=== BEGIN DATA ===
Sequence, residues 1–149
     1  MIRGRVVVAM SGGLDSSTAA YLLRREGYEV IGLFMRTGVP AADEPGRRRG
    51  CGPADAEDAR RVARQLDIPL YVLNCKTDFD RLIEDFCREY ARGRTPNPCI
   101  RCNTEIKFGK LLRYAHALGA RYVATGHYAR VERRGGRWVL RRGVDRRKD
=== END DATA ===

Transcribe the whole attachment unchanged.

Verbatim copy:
Sequence, residues 1–149
     1  MIRGRVVVAM SGGLDSSTAA YLLRREGYEV IGLFMRTGVP AADEPGRRRG
    51  CGPADAEDAR RVARQLDIPL YVLNCKTDFD RLIEDFCREY ARGRTPNPCI
   101  RCNTEIKFGK LLRYAHALGA RYVATGHYAR VERRGGRWVL RRGVDRRKD